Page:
Defense attorney James Connell said the revelation was only the second declassified fact the military had released about his client, Ammar al-Baluchi, Courthouse News Service reported Wednesday.
The first declassified fact, Connell said, was that the character "Ammar" in the film "Zero Dark Thirty" was based on his client.
Attorneys for the defendants are trying to get access to information that might confirm they were abused during interrogations by U.S. security agencies. They have been thwarted by a rule that their clients' memories of the interrogation are classified information.
Connell showed judge Col. James Pohl a document Tuesday he said showed al-Baluchi told doctors he suffered memory loss, hallucinations and delusions from a head injury he received before 2006 during a three-year period he was held in secret prisons overseas.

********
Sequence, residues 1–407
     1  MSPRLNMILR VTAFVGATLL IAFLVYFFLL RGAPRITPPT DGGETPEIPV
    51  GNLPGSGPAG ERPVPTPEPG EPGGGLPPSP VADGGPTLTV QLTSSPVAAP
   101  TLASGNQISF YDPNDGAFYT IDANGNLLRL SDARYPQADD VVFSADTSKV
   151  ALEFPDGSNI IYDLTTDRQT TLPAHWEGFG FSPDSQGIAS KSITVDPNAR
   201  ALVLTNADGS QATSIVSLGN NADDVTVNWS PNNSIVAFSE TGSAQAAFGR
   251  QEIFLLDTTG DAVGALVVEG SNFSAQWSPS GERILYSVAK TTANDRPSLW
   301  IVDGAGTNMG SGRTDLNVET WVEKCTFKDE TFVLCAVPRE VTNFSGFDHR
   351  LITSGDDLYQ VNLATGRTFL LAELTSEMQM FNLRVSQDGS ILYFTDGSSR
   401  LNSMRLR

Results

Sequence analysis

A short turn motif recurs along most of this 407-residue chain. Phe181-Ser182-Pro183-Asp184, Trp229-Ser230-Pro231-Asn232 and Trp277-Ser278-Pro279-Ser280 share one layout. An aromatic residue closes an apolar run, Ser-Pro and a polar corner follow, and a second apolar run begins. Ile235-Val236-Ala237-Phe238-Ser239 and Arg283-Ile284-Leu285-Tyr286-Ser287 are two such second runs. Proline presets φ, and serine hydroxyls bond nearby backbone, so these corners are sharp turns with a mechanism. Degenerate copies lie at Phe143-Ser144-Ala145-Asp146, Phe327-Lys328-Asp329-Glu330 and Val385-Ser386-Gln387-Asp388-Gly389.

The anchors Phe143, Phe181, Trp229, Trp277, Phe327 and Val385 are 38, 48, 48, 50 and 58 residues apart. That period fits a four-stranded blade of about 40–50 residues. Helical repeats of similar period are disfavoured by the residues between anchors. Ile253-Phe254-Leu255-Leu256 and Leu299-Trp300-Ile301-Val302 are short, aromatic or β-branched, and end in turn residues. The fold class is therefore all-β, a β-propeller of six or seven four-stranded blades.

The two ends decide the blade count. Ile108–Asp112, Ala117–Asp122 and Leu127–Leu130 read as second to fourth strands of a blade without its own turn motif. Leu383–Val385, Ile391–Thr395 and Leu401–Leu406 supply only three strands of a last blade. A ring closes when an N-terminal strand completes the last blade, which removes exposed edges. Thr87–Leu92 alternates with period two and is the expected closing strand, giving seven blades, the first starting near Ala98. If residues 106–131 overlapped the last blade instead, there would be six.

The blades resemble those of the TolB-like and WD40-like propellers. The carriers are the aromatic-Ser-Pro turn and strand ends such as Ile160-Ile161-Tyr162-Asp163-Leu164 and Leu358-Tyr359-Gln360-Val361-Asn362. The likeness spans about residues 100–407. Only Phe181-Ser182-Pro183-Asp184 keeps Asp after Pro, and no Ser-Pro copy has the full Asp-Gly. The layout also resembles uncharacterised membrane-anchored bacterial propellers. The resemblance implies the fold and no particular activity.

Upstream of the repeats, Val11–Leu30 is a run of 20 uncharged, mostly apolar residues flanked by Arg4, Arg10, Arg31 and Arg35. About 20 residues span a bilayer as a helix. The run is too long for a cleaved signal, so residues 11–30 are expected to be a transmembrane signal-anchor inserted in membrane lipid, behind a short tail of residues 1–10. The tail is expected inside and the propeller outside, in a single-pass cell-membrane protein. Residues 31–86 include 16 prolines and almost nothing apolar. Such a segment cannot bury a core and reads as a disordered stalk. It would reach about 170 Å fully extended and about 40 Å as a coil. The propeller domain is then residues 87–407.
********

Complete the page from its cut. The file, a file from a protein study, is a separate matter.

Al-Baluchi and the other defendants should not be able to share "sensitive sources and methods" they were "exposed to" during CIA custody, prosecutor Clay Trivett argued.
Cmdr. Walter Ruiz, who is representing Mustafa al-Hawsawi, said the "sources and methods" Trivett referred to were those banned by the Convention against Torture the United States signed in 1994.
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